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In Situ Assessment of Biodegradation Potential Using Biotraps Amended with 13C-Labeled Benzene or Toluene

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journal contribution
posted on 01.07.2005, 00:00 authored by R. Geyer, A. D. Peacock, A. Miltner, H.-H. Richnow, D. C. White, K. L. Sublette, M. Kästner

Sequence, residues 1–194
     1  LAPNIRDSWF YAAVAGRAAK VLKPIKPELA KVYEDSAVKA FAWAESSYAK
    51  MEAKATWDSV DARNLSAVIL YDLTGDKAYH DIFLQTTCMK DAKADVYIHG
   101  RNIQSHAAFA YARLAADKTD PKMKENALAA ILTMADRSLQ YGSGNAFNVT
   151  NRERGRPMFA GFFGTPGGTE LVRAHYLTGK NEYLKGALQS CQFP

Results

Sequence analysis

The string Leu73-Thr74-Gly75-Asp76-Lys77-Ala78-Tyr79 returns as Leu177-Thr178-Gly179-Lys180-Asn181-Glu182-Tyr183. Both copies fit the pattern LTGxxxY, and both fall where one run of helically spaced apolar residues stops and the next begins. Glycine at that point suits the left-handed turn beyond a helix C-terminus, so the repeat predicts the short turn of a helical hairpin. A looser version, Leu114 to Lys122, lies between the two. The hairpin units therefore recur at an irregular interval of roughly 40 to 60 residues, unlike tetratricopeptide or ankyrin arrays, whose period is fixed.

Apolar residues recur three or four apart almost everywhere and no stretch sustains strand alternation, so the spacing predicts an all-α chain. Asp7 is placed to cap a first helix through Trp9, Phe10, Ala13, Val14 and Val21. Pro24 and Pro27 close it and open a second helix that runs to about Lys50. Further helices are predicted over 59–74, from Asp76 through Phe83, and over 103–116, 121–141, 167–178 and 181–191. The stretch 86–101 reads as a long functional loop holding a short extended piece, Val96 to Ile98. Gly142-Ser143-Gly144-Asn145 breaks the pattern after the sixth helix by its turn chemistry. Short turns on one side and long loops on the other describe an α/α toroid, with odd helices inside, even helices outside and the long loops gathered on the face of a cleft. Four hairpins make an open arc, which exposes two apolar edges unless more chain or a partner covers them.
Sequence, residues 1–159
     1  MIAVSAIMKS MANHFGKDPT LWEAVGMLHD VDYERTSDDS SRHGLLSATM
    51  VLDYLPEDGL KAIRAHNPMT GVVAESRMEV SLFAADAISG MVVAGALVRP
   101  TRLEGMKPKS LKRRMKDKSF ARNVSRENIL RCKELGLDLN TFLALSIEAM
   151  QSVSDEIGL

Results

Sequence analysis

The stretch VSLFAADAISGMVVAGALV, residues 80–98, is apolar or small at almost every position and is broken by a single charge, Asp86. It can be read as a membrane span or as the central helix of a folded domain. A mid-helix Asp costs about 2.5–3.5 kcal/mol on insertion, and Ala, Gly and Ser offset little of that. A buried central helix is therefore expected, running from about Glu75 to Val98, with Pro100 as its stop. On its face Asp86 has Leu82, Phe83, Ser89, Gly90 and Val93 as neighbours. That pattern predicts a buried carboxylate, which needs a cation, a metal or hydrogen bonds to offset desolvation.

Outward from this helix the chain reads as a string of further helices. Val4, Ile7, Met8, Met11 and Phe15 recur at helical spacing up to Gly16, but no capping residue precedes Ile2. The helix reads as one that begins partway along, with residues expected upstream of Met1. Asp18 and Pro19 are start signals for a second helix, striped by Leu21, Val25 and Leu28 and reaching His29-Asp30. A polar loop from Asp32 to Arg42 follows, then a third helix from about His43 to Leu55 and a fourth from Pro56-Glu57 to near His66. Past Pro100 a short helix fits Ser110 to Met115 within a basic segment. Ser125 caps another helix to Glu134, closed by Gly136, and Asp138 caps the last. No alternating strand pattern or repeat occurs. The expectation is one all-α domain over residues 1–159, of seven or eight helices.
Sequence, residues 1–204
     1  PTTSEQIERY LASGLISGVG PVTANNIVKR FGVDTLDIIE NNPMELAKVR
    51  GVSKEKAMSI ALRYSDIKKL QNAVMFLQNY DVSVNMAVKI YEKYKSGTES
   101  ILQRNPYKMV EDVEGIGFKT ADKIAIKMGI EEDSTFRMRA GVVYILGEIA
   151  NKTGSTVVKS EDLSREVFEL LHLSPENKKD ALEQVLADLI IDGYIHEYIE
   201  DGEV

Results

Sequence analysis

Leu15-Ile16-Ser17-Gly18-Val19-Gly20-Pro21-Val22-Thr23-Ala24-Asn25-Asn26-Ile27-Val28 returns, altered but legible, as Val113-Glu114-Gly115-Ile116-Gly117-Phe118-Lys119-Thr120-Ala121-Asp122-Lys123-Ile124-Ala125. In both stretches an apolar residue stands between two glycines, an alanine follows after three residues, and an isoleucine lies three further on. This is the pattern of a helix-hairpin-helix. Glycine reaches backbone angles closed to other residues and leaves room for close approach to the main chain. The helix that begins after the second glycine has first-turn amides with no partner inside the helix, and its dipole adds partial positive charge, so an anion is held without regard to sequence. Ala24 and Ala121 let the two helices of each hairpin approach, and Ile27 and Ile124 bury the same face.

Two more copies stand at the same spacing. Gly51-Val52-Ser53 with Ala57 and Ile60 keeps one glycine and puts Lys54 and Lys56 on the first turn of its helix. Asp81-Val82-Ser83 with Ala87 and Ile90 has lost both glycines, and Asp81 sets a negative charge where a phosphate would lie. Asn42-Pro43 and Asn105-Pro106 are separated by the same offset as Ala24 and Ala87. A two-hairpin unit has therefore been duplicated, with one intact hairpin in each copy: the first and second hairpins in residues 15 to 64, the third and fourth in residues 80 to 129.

Stable isotope fractionation analysis of an aquifer heavily contaminated with benzene (up to 850 mg L-1) and toluene (up to 50 mg L-1) at a former hydrogenation plant in Zeitz (Saxonia, Germany) has suggested that significant biodegradation of toluene was occurring. However, clear evidence of benzene biodegradation has been lacking at this site. Determining the fate of benzene is often a determining factor in regulatory approval of a risk-based management strategy. The objective of the work described here was the demonstration of a new tool that can be used to provide proof of biodegradation of benzene or other organics by indigenous microorganisms under actual aquifer conditions. Unique in situ biotraps containing Bio-Sep beads, amended with 13C-labeled or 12C nonlabeled benzene and toluene, were deployed at the Zeitz site for 32 days in an existing groundwater monitoring well and used to collect and enrich microbial biofilms. Lipid biomarkers or remaining substrate was extracted from the beads and analyzed by mass spectrometry and molecular methods. Isotopic analysis of the remaining amounts of 13C-labeled contaminants (about 15−18% of the initial loading) showed no alteration of the 12C/13C ratio during incubation. Therefore, no measurable exchange of labeled compounds in the beads by the nonlabeled compounds in the aquifer materials occurred. Isotopic ratio analysis of microbial lipid fatty acids (as methyl ester derivatives) from labeled benzene- and toluene-amended biotraps showed 13C enrichment in several fatty acids of up to δ (13C) 13400‰, clearly verifying benzene and toluene biodegradation and the transformation of the labeled carbon into biomass by indigenous organisms under aquifer conditions. Fatty acid profiles of total lipid fatty acids and the phospholipid fatty acid fraction and their isotopic composition showed significant differences between benzene- and toluene-amended biotraps, suggesting that different microbial communities were involved in the biodegradation of the two compounds.